Project objectives and methods: The objectives of this project were to:

  1. undertake a detailed literature review of species biology to identify weaknesses that could be exploited in control programmes;
  2. conduct field trials of potential control techniques;
  3. complete an investigation of behaviour and movement using acoustic technologies; and,
  4. provide recommendations for a future control programme, including scoping of sterile feral technology.

This study included a detailed literature review of Redfin Perch biology to identify any potential weaknesses that could be exploited in control programs. Field trials were then performed in an impoundment (Suma Park Reservoir) on the central tablelands of New South Wales, known to contain an abundant population of Redfin Perch, and a riverine site in the Gwydir catchment. The trials were designed to investigate the effectiveness of physical removal of Redfin Perch using a combination of electrofishing, panel (gill) netting (with and without herding), fyke nets and clover-leaf traps with several attractants (laser lights, glow sticks, magnets and berley). The study also used underwater acoustic cameras (DIDSON) to examine Redfin Perch behaviour in response to each of the attractants. Separate trials were undertaken in winter and summer. Additional field trials were undertaken in a riverine site in the Gwydir catchment during summer.

Given the limited understanding of the species movement patterns and the importance of this information to targeting control techniques, an acoustic tagging study was undertaken in Suma Park Reservoir.

Figure 1 A cloverleaf trap such as those used during field trials (Photo courtesy of Dean Gilligan)

Figure 1 A cloverleaf trap such as those used during field trials (Photo courtesy of Dean Gilligan)

Figure 2 The focus species for this study, Redfin Perch (Photo courtesy of Dean Gilligan)

Figure 2 The focus species for this study, Redfin Perch (Photo courtesy of Dean Gilligan)

Findings: The review of Redfin Perch biology highlighted several key aspects that could be exploited in future control programmes:

  •  timing of reproduction – target removal prior to or during spawning events;
  • inducible sterility – sterile feral technology;
  • spawning behaviour – removal/reduce availability of spawning substrate;
  • self regulation of populations – bio-manipulation or sterile technology; and,
  • schooling behaviour – target control efforts.

In the removal trials, catch rates in fyke nets and cloverleaf traps were relatively low across all three trials (winter and summer in reservoir and summer in river) with standard panel nets and electrofishing being the most effective methods. The clover-leaf traps were not effective at catching Redfin Perch, either with or without attractants within the traps. Catch rates in cloverleaf traps and fyke nets were too low to draw any conclusions relating to improvements in catch efficiency resulting from the use of the attractants trialled. However, assessment of the response of Redfin to the various attractants using DIDSON imagery revealed that glow sticks and lasers do have the potential to be used as attractants, particularly at night.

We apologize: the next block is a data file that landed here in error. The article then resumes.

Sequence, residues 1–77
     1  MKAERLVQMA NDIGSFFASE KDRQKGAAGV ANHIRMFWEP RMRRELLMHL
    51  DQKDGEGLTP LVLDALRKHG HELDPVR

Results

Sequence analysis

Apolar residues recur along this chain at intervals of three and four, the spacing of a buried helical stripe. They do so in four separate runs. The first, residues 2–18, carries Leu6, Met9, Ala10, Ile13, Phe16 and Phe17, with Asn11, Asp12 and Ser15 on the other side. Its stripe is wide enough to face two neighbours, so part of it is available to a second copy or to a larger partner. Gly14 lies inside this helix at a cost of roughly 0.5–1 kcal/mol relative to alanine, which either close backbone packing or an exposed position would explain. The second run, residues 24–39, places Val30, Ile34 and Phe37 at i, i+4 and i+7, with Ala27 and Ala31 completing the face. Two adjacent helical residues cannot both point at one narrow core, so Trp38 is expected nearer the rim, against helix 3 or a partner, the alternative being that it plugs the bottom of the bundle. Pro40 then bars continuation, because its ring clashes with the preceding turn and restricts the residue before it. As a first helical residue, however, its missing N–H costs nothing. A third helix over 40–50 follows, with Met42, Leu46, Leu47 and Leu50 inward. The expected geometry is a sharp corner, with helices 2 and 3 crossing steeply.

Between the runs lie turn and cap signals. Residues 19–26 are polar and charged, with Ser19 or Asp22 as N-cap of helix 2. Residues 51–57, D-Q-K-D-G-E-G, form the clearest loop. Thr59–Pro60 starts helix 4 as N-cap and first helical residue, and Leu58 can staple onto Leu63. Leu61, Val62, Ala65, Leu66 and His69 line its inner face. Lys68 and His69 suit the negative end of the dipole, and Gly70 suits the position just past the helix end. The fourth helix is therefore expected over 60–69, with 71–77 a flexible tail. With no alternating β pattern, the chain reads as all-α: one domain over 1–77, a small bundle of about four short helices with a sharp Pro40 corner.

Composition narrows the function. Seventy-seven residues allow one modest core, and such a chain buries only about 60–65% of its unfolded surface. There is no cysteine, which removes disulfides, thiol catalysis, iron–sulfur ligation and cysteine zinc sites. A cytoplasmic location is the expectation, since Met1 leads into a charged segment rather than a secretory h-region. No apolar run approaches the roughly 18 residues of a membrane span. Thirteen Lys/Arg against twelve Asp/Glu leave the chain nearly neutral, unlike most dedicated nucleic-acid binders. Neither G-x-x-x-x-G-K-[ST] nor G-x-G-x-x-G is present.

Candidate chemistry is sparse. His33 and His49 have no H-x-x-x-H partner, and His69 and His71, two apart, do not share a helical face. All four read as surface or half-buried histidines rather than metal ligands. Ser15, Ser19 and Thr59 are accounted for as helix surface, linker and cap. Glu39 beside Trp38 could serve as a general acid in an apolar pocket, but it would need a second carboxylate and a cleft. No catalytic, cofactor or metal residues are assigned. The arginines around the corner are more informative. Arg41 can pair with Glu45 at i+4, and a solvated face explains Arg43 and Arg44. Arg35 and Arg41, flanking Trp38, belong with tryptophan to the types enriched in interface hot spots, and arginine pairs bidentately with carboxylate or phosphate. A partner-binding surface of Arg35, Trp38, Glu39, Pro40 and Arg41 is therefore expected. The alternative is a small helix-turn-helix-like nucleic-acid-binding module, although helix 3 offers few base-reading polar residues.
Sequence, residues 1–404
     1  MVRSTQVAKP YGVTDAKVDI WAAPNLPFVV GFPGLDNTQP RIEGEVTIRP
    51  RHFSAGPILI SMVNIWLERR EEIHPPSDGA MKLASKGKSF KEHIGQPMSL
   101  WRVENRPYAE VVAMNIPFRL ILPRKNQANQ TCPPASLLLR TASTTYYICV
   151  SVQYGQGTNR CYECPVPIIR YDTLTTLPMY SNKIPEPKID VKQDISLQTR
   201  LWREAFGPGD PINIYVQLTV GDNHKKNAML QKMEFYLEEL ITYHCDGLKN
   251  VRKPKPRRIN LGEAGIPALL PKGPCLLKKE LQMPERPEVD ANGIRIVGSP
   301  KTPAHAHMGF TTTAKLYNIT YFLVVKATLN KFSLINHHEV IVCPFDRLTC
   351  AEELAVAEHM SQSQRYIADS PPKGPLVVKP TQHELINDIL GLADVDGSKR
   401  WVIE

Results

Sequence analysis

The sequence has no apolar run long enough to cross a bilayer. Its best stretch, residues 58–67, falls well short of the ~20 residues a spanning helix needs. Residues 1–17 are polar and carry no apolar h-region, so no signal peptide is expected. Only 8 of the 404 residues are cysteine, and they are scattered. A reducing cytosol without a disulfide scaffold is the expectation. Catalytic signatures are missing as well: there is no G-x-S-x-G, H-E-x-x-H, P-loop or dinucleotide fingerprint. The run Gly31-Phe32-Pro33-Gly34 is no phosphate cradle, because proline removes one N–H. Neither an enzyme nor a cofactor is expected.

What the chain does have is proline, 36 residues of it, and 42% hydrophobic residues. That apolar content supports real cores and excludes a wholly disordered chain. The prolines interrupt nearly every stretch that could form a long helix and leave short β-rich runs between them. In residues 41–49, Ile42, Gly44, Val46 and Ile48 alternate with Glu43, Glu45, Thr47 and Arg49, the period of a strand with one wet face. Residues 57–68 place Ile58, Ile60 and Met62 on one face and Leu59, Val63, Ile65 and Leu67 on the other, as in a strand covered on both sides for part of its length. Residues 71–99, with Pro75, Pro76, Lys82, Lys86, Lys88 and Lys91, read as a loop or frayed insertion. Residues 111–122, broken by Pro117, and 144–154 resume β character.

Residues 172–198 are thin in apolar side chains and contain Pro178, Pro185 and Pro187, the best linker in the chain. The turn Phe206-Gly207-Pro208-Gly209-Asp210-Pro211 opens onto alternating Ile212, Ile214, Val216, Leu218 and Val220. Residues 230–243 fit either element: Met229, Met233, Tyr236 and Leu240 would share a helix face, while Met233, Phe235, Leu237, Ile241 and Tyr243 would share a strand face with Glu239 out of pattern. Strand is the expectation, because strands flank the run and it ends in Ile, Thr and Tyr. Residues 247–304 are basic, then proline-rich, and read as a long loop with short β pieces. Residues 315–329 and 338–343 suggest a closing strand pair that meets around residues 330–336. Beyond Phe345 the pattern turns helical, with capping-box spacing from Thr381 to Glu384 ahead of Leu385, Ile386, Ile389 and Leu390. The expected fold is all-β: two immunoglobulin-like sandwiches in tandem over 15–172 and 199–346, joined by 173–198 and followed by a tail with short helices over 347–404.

The acoustic telemetry study indicated that most fish occupied the downstream end of the dam, with only up to two individuals spending extensive periods of time within the upstream reaches of the impoundment. Overall, fish spent 90% of the time within the top 10 m of the water column, possibly due to lower dissolved oxygen concentrations below this depth.

Lessons learned and future directions: Overall this project has resulted in the compilation of valuable information on Redfin Perch that can contribute to its future management. In particular:

  • passive fishing techniques/traps that rely on luring/attracting fish into a certain area (e.g. clover-leaf traps) are not very effective;
  • they appear to be much more susceptible to being caught in nets that target/intercept fish while moving (fyke and panel nets);
  • electrofishing is effective in the short-term and on a small scale, but may not be cost effective/practical in the long term as abundance of the target population declines;
  • glow sticks and laser lights were found to be effective attractants at night, but optimal deployment methods need to be established that minimise trap-avoidance of those fish attracted;
  • juveniles form large schools, whereas adults were more solitary; and,
  • movement data indicates the top 10 m of the water column and areas around the deeper downstream reaches of impoundments are occupied most frequently and may be appropriate areas to target removal efforts. 

Stakeholders and Funding bodies: This project was funded through the Murray-Darling Basin Authority’s Native Fish Strategy.

Contacts: Dr Dean Gilligan, New South Wales Department of Primary Industries. Tel: + 61 2 4478 9111, Email: dean.gilligan@industry.nsw.gov.au

Design and installation of a novel wetland Carp harvesting set up at Lake Bonney, South Australia

Key words: Carp, pest fish control, Lake Bonney, Native Fish Strategy